[FreeNAS] replacing a drive under ZFS after a total failure

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[FreeNAS] replacing a drive under ZFS after a total failure

Postby joefish75 » 13 Jan 2012, 11:49

I have replaced a failed drive in my NAS and am having real difficulty getting ZFS to recognise this. There have been a few stages to this problem, so I'll describe them here:

I setup my FreeNAS with 8.0.0 a few months ago with 3x Samsung 2T F4EG (HD204UI) drives in raidz1 configuration. A few weeks ago some S.M.A.R.T. errors appeared (197/0xC5 Current_Pending_Sector had a raw value of 2). A few days later the drive failed altogether, first slowing a scrub right down with multiple errors appearing on that drive (read and write).

I exported the pool, shutdown, removed the failed drive and installed 8.0.2 onto a new USB stick, which I booted and imported the freenas-1.db to. The NAS found the (degraded) pool and all was as I expected. I did a scrub (in the degraded pool) just to make sure the two remaining drives were fine.

This is where the confusion starts. I replaced the failed drive, popped in an identical Samsung drive, and noticed in the GUI that I had two ada2 drives. On the terminal, I 'offline'd the failed drive. In the web GUI I tried to replace the drive with the new one, but when the resilvering was done, it still had the failed drive in the list, stayed as 'degraded' and had the status 'replacing', even though it had finished.

Now when I did a scrub, I got some fresh problems:

Code: Select all
zpool status -v
  pool: pool
 state: DEGRADED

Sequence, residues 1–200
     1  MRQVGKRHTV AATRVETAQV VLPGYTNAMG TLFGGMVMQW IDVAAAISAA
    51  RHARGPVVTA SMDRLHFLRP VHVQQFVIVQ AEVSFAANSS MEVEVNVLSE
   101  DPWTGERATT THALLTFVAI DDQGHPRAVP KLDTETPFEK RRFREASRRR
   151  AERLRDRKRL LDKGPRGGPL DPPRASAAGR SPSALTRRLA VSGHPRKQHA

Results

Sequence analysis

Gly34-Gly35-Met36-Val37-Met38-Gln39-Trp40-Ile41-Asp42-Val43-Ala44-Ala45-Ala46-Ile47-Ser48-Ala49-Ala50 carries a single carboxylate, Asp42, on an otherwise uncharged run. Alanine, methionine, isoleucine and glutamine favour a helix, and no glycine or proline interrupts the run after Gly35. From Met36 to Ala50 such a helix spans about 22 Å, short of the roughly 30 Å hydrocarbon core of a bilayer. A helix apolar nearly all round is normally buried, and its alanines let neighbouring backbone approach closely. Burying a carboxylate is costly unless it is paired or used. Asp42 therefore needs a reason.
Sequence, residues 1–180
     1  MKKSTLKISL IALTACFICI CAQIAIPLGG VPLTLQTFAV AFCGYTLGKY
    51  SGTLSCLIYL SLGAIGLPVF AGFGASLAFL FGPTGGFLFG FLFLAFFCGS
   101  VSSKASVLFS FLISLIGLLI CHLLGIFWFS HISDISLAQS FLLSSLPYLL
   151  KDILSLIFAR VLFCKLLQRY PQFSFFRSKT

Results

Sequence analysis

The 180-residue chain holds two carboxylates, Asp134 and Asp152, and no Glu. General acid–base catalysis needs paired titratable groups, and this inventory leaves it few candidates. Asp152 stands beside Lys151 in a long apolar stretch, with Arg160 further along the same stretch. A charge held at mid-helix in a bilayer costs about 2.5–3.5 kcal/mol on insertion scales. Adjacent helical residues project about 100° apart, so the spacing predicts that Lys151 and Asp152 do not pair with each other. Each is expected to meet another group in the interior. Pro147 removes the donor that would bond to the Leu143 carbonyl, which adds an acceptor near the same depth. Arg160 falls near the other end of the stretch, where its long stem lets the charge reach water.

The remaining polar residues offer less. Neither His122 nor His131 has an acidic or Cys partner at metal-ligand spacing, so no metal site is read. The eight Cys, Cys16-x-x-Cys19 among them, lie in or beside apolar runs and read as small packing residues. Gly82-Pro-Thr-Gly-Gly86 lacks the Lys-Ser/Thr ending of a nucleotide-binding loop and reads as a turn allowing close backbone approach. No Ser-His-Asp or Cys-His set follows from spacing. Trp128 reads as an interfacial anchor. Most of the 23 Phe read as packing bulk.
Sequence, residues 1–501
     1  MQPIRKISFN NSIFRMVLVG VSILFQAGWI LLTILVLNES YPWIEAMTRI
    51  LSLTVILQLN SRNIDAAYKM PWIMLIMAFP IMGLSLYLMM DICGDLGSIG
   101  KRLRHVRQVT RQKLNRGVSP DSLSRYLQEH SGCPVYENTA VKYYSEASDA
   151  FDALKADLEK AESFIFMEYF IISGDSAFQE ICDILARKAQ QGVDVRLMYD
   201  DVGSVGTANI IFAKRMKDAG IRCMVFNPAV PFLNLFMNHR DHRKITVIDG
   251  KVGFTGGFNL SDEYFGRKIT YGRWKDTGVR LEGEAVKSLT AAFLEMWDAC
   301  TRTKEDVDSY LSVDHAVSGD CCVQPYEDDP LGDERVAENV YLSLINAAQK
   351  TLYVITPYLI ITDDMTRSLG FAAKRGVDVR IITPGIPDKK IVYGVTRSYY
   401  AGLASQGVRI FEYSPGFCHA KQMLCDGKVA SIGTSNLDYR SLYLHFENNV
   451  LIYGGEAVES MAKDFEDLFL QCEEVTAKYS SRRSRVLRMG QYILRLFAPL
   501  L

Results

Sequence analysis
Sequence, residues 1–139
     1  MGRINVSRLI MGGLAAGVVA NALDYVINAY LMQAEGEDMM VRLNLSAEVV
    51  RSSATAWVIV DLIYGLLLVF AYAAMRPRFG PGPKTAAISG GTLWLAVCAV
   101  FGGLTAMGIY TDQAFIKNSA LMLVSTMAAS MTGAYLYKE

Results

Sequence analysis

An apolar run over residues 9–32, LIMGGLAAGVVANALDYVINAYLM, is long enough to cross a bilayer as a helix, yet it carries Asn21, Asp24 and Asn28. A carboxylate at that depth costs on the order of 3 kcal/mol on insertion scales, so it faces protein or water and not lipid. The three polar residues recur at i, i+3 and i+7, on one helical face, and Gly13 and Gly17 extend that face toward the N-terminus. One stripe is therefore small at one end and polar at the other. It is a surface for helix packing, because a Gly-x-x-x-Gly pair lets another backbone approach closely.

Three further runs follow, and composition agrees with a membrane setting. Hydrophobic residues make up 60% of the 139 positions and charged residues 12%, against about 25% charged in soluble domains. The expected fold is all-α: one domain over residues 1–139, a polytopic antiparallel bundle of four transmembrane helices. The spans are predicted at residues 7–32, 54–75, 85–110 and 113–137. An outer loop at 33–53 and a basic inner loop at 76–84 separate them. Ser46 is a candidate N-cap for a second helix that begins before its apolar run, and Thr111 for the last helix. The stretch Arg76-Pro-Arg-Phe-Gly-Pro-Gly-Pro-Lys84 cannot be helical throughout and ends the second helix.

status: One or more devices has experienced an error resulting in data
   corruption.  Applications may be affected.
action: Restore the file in question if possible.  Otherwise restore the
   entire pool from backup.
   see: http://www.sun.com/msg/ZFS-8000-8A
 scrub: scrub completed after 10h9m with 1 errors on Mon Jan  9 19:38:49 2012
config:

   NAME                                            STATE     READ WRITE CKSUM
   pool                                            DEGRADED     2     0     0
     raidz1                                        DEGRADED     2     0     0
       gptid/41542893-cfe7-11e0-8f22-78acc0f799d0  ONLINE       0     0     0
       3150351496029849676                         UNAVAIL      0     0     0  was /dev/gpt/ada1
       ada1p2                                      ONLINE       2     0     0

errors: List of errors unavailable (insufficient privileges)


How do I get rid of 315051496029849676 forever, and make the new drive (in the ada1 slot now) resilver properly? I can live with one file loss, but I don't want more to go!

Does ada1p2 also appear to have a real failure, or could this have happened some other way?
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Postby soulreaver1 » 16 Jan 2012, 10:23

You should try use this for replacing devices (quote from zfs admin manual by Oracle)
The following are the basic steps for replacing a disk:
â–  Offline the disk, if necessary, with the zpool offline command.
â–  Remove the disk to be replaced.
â–  Insert the replacement disk.
â–  Run the zpool replace command. For example: [CMD="zpool"] replace pool_name old_device new_device[/CMD] (New device should be given as /dev/name).
â–  Bring the disk online with the zpool online command.



You've inserted new disk already, so just need to do last two steps.
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Postby joefish75 » 18 Jan 2012, 11:25

Excellent, the problem is won't I run the risk that I replace it with one of the old drives? The original drive was [FILE]ada1[/FILE], but now it appears that [FILE]ada1p2[/FILE] is still online (so maybe that's the old [FILE]ada2[/FILE]).

I could do:

Code: Select all
zpool replace pool 3150351496029849676 /dev/ada2


But I definitely don't want to do this if I am replacing the drive with one that is actually one of the only working old drives!
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Postby phoenix » 18 Jan 2012, 21:44

Add the following to [file]/boot/loader.conf[/file]:
Code: Select all
kern.geom.label.gptid.enable="0"                # Disable the auto-generated GPT UUIDs for disks